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Russian-British Interest in Persia, Term Paper Example

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Term Paper

Before WW1 the British controlled the southern portion of Iran while the Russians controlled the north. When the war appeared imminent, the British had to reassess their ambitions in Persia.  The Russians however continued to advance towards Afghanistan and by 1865, had annexed formally part of the country, continuing to expand their presence in Afghanistan.  After the Russians sent an uninvited diplomatic mission to Kabul in 1878, the British insisted that the ruler of the country accept a diplomatic mission from them.  That mission was turned away and in retaliation, a force of 40,000 men was sent across the border, beginning the second Anglo-Afghan War.

When that war ended, Afghan’s ruler agreed to let the British maintain Afghanistan foreign policy. The problem of internal rebellion was contained very efficiently and essentially brought the country under control.

The Russians continued to seize other territories in Afghanistan, claiming all of the former rulers’ territory and fighting with Afghani troops.  At the point when war was about to begin between the two countries, the British decided to accept the Russian possession of territories as a done deal.

Without involving the Afghanis in the decisions, the Joint Anglo-Russian Boundary Commission agreed that the Russians would give up the farthest territory captured in their advance, but retain Panjdeh.The agreement delineated a permanent northern Afghan frontier at the Amu Darya, with the loss of a large amount of territory, especially around Panjdeh. Despite that, Britain continued to have much difficulty in the region at the end of the 1800s. They suspected that the Russians were overly involved in the affairs of the region.

Both the British and the Russians became alarmed by Germany’s increasing appearance in the Middle East prior to WWI, in particular, the German railroad project that would open up Iraq and Iran to German trade and technology.  The British and Afghanistan ministers decided to resolve their conflicts in order to take a strong stand against the German advance into the region.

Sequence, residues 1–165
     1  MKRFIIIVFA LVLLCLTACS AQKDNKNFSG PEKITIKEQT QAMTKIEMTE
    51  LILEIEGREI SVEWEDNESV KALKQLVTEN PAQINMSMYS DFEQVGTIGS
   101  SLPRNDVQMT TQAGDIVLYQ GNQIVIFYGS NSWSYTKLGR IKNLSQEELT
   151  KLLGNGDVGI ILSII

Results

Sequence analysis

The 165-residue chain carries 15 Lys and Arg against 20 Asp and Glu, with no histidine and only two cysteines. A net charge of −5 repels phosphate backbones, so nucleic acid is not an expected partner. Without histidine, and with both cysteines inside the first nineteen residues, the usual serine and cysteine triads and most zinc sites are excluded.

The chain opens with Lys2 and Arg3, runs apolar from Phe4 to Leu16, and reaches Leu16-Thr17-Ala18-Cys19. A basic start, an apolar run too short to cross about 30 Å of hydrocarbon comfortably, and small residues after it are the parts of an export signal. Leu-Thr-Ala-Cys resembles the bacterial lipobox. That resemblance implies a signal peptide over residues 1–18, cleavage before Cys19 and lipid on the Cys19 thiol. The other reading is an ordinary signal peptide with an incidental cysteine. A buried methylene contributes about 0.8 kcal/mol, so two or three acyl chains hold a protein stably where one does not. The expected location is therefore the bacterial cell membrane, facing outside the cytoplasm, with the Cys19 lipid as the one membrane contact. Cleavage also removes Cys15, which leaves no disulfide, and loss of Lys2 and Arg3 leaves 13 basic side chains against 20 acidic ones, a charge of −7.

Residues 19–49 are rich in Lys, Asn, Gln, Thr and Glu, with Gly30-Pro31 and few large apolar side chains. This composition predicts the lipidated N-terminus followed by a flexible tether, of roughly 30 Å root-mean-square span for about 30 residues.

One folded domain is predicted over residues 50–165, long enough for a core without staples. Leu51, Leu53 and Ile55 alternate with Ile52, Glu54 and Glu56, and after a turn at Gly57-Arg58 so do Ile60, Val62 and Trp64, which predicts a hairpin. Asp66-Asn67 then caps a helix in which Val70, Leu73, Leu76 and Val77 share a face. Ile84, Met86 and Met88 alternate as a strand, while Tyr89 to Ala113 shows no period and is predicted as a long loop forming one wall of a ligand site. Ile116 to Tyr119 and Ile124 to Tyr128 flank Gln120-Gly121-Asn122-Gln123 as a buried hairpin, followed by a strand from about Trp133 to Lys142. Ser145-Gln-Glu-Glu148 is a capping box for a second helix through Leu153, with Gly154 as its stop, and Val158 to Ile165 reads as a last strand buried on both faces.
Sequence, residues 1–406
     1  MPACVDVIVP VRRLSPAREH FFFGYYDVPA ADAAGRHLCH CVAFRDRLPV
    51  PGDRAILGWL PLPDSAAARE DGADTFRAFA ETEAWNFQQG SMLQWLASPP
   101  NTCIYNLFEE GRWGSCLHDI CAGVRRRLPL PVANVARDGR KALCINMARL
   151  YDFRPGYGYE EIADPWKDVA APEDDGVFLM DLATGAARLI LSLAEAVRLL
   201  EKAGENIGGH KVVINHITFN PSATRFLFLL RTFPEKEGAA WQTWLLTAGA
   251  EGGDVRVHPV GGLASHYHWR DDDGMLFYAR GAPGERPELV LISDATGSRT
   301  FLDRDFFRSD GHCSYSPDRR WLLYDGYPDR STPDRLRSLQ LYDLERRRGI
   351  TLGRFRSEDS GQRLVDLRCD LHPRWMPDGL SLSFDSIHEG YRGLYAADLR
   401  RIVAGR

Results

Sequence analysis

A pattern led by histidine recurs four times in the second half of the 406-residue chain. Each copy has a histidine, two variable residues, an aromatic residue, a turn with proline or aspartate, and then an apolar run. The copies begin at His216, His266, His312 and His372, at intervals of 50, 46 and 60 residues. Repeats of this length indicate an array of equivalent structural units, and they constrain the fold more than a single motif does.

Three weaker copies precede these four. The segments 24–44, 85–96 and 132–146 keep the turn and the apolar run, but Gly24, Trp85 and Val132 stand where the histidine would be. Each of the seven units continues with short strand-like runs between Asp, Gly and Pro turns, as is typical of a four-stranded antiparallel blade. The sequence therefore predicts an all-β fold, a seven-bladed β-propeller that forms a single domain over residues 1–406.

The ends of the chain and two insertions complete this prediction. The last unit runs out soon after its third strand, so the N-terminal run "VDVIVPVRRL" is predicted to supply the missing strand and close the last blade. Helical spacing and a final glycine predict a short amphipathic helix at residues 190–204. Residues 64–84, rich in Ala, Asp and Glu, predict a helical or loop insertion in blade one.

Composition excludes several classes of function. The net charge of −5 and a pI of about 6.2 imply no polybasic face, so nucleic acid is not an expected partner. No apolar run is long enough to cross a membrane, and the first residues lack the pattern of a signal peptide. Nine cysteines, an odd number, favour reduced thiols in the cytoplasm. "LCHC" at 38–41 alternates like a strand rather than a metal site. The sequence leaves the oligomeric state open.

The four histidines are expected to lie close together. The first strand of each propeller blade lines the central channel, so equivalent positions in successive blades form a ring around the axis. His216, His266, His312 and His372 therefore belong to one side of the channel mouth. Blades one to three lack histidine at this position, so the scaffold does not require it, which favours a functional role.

The Russians accepted that the politics of Afghanistan were solely under British control as long as the British guaranteed not to change the regime.  In return, Russia agreed to negotiate all political relations with Afghanistan through the British. The British agreed that they would maintain the current borders and would discourage any attempt by Afghanistan to intrude on Russian territory.  Afghanistan was divided into three zones: a British zone, a Russian zone, and a narrow neutral zone serving as buffer in between.

This alliance appeared to primarily serve as a deterrent to the German expansion of strength and influence.  However, the agreement dissolved any chance for Iranian freedom.  This was not the agenda of Britain or Russia; their purpose was stability and control of Persia. In essence, this was a careful strategy for each country in which they decided to prioritize a strong alliance over potential sole control over different parts of Central Asia.

Works Cited

Abrahamiam, Ervand. A History of Modern Iran.  Cambridge University Press. 2008

Adelson, Roger. London and the Invention of the Middle East: money, power, and war, 1902–1922. St. Edmundsbury Press. 1995.

The Anglo-Russian Entente. Great Britain, Parliamentary Papers, London, 1908, Vol CXXV, Cmd. 3750.

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